Wassily Kandinsky: Concerning The Spiritual In Art

Wassily Kandinsky: Concerning The Spiritual In Art


Recently I have read quite a few good books. So good, in fact, that I am hesitant to call my following talk a “review”. And so I’d like to start by disclaiming that this article is simply my recommendation to you. One artist to another. Friend to friend. You know how it is when you find something really good, you feel the need to share it with your friends. This book is that something. It is a book that may not get as much attention as it should. A book that is much more than just another book. Today’s book is Wassily Kandinsky’s Concerning the Spiritual in Art.

As the title suggests, this is not a how-to book, nor one with colorful images. This book is not even focused on any specific media. Even though the author briefly touches on color theory, the book goes beyond technique, beyond media – it goes beyond the physical aspect of art making. And this is why it is so valuable.

It is, admittedly, a very short book. With only 57 pages it may seem to have limited means to go in-depth on any subject. This assumption, however, is false. That being said, I highly recommend you pick up the particular edition I have, which is Dover edition from 1977,  an unabridged republication of the original English translation from 1914. This edition is translated with an introduction by M. T. H. Sadler. Mr. Sadler sketches out the background of the life of Wassily Kandinsky and the era in which he lived and draws some really important parallels thus providing the reader with an important context to Kandinsky’s ideas.

When I researched reviews of this book I was quite surprised to find many people rating it poorly. I would recommend you ignore these reviews until you’ve read it for yourself. These reviewers may not be practicing artists, they may not have been able to appreciate it for some other reasons, they may not have been ready for it or they could indeed already surpass the potential of what this book has to offer. The simplest explanation, however, is that Kandinsky’s view of the world simply disagreed with them. And this is perfectly natural. Each of us has their own preferences and leanings. Whatever is the case, my personal rating would be very high as I have high regard for the ideas contained in the book. I wish to note that I am not biased by my personal attitude towards Kandinsky’s work or any opinions I may have previously had. I always try to give anyone the benefit of the doubt. I let them convince me. And so I got convinced.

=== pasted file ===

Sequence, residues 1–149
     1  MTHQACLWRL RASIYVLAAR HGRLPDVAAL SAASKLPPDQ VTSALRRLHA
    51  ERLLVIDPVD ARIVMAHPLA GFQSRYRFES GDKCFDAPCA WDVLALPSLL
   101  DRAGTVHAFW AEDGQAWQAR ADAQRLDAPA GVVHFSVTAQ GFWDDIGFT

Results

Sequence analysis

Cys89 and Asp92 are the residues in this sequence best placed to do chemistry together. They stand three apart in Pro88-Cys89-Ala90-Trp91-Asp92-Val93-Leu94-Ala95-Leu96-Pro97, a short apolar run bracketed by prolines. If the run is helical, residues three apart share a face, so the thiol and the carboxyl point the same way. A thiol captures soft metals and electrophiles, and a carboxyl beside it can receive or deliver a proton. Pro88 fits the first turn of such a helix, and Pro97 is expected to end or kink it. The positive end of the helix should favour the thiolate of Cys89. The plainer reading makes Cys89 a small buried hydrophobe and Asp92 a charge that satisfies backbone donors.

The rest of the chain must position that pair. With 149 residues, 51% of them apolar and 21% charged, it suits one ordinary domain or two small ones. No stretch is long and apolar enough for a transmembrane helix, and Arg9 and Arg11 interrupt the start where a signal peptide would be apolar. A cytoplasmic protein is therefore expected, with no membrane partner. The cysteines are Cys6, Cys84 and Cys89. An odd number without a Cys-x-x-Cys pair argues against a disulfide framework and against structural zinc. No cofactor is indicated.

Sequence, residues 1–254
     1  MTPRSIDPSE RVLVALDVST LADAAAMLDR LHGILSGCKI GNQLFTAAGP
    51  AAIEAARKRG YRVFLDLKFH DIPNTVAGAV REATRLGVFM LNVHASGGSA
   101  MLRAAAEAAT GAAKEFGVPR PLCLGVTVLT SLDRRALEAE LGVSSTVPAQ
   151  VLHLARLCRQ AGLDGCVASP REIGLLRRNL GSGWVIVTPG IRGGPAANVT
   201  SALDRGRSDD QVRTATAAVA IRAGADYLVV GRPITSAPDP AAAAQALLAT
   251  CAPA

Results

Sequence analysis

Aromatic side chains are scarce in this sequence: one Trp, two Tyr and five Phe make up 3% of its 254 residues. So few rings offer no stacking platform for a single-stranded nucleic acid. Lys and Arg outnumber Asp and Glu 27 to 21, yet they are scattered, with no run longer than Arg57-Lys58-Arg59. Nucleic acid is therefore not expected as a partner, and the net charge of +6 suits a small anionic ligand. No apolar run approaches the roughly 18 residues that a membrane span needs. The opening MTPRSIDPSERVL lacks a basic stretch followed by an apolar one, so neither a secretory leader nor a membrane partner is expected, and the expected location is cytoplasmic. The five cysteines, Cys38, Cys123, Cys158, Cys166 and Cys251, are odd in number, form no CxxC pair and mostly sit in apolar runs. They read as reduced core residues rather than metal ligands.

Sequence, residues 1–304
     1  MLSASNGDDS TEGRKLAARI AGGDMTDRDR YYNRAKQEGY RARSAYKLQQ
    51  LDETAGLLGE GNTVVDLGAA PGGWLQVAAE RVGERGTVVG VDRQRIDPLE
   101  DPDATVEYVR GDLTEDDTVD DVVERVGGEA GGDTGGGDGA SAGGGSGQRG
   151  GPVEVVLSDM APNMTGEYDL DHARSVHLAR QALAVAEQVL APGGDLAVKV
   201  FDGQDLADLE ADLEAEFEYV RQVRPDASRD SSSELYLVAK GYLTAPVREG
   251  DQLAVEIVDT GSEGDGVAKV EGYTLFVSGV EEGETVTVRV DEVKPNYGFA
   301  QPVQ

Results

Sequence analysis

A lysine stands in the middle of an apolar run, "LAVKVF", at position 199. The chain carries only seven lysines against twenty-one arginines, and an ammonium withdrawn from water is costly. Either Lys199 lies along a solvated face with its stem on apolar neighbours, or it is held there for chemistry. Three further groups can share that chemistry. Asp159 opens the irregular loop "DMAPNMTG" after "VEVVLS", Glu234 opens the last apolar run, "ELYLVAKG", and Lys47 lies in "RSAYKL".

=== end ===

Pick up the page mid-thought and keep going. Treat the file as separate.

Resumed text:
So, what’s the book about and is it actually for you? I think the best way to outline the character of the book is to talk about the character of the author. Wassily Kandinsky is, without a doubt, one of the greatest artists of 20th century. Let me list just a couple of examples of his philosophy.

I value only those artists who really are artists, that is, who consciously or unconsciously, in an entirely original form, embody the expression of their inner life; who work only for this end and cannot work otherwise.

Wassily Kandinsky

… the relationships in art are not necessarily ones of outward form but are founded on inner sympathy of meaning.

Wassily Kandinsky

This belief may be just the reason why not everyone appreciate Kandinsky. He believed in underlying meaning of expression. As Mr. Sadler points out in his introduction: “There are, of course, many people who deny that Primitive Art had an inner meaning or, rather, that what is called ‘archaic expression’ was dictated by anything but ignorance of representative methods and defective materials. Such people are numbered among the bitterest opponents of Post-Impressionism, and indeed it is difficult to see how they could be otherwise. ‘Painting,’ they say, ‘which seeks to learn from an age when art was, however sincere, incompetent and uneducated, deliberately rejects this assumption that Primitive art is merely untrained Naturalism, but until it is conquered there seems little hope for a sympathetic understanding of the symbolist ideal.’”

As to the contents of the book, these consist of two main parts and following chapters:

  • Part I. About general aesthetic: Introduction, The Movement of the Triangle, Spiritual Revolution, The Pyramid
  • Part II. About painting: The Psychological Working of Colour, The Language of Form and Colour, Theory, Art and Artists, Conclusion

I am hesitant to use such extreme simplification, but basically, Kandinsky’s ultimate goal was to express music through painting, or rather merge the two to achieve pure expression. When we look at the big picture, his ideas do revolve around this central goal. However, it doesn’t make any one of them any less important on their own and any less worthy of our thought.

One of the most fascinating aspects of the book for me personally is that these were quite literally revolutionary ideas. These were the ideas occupying the minds of the greatest artists who were there at the birth of a new era. Ideas that became the foundation of what we call modern art. Yet I don’t mean to over hype the book and declare it more important than it actually is. And so let me end this little “non-review” by saying that you may lose nothing by skipping this book but at the same time you may just as well deny yourself the transformative experience that may stem from pondering ideas beyond the physical.

Let me know what you think of Wassily Kandinsky, his art and literary work. Are you going to pick up this book? Have you read any of his writings?

Please note this is an article repost.
Original publish date overwritten.
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